SWITZERLAND – The WHO has approved the RTS,S vaccine, for widespread use among Sub-Saharan African children and other regions with moderate to high malaria transmission rates, but now, the international agency has expressed that overcoming distribution hurdles will be critical to the vaccine’s success.

Moving forward, WHO has warned that the rapid deployment of the malaria vaccine will be dependent on how quickly countries adopt the treatment and their availability of resources to support its rollout.

The novel vaccine offers effective protection against Plasmodium falciparum, the deadly and widespread malaria transmission parasite.

GSK, the industry-leading pharmaceutical company that developed the vaccine issued a statement pledging to make 15 million yearly doses available at a price slightly higher than the cost of production.

However, if all children in high-burden countries are to receive the shots, approximately 100 million doses will be required each year.

Simon Kariuki, the chief research officer at the Kenya Medical Research Institute, who was involved in the first trials of the malaria vaccine, said: “Researchers have done their part. It is now upon governments to quickly review their malaria control programmes to adopt the vaccine.”

Against the background of this knowledge, the UN-based organization has urged countries to enter into negotiations with it to ensure immediate access to the vaccine.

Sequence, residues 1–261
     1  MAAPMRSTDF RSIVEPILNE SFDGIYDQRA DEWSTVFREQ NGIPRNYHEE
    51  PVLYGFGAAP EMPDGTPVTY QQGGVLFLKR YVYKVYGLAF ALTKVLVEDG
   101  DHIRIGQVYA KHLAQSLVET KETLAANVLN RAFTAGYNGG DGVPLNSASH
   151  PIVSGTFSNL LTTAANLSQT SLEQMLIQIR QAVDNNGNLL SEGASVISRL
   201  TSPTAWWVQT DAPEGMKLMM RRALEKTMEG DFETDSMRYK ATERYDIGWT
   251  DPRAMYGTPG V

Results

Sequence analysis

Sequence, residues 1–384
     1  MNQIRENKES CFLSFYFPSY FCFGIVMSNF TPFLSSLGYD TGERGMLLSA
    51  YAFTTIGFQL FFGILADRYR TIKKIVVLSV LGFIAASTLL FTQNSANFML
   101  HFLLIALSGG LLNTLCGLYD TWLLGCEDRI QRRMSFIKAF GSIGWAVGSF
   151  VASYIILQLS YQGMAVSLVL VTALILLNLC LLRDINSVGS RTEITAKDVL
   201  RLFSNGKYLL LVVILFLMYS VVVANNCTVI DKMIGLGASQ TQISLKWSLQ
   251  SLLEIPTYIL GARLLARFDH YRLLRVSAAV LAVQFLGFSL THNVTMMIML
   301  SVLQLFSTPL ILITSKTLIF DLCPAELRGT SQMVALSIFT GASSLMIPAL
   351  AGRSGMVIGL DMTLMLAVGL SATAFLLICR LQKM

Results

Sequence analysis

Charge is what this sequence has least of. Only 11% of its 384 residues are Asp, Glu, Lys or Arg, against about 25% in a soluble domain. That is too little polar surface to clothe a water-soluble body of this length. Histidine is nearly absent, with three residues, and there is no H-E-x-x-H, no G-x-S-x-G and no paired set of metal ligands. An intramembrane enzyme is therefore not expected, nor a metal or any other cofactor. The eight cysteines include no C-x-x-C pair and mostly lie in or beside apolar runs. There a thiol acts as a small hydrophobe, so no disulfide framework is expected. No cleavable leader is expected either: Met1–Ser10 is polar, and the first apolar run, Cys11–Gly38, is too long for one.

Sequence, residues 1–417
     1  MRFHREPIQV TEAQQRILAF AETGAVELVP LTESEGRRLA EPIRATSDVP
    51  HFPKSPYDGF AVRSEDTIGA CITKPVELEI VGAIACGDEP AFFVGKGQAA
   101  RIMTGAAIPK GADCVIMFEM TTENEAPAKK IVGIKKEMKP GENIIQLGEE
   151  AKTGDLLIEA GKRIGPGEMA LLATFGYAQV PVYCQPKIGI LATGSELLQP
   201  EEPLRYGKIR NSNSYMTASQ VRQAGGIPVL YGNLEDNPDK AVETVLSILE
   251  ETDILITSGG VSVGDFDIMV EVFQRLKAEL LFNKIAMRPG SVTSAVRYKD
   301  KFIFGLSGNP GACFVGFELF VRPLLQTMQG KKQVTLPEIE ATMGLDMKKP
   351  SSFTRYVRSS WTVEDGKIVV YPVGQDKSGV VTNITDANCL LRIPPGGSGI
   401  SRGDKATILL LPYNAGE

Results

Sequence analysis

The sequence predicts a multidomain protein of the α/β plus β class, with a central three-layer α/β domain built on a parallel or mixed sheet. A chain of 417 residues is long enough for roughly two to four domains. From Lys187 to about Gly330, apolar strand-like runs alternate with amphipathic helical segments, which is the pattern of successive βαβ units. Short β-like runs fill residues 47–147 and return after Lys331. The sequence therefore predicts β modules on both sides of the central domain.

In addition to determining how to access and deploy the vaccine, countries must determine how much it will cost to purchase and distribute it — and whether donors will contribute to the cost.

At a potential cost of about US$5 per dose, researchers estimate that the vaccine rollout, including distribution, would cost around US$325 million per year across ten African countries with high malaria incidence.

They point out that other malaria measures have failed in some of these countries due to a lack of support.

“It’s a golden opportunity for countries to have this vaccine as mosquitoes are increasingly becoming insecticide-resistant and could render bed nets ineffective, leading to a rise in malaria cases.” Kariuki said.

Countries such as Kenya have the capacity to store the vaccines and could easily scale up their distribution. Uptake in the pilot countries was promising, and I expect no challenges administering the requisite number of doses more broadly” he added.

The most recent World Malaria Report reveals that there were 229 million cases of malaria worldwide in 2019, with the African region accounting for 94 percent of all cases and deaths.

According to UNICEF estimates, a child under the age of five dies from the deadly disease every two minutes.

Malaria is responsible for an estimated 260,000 deaths in African children under the age of five each year, according to the WHO.

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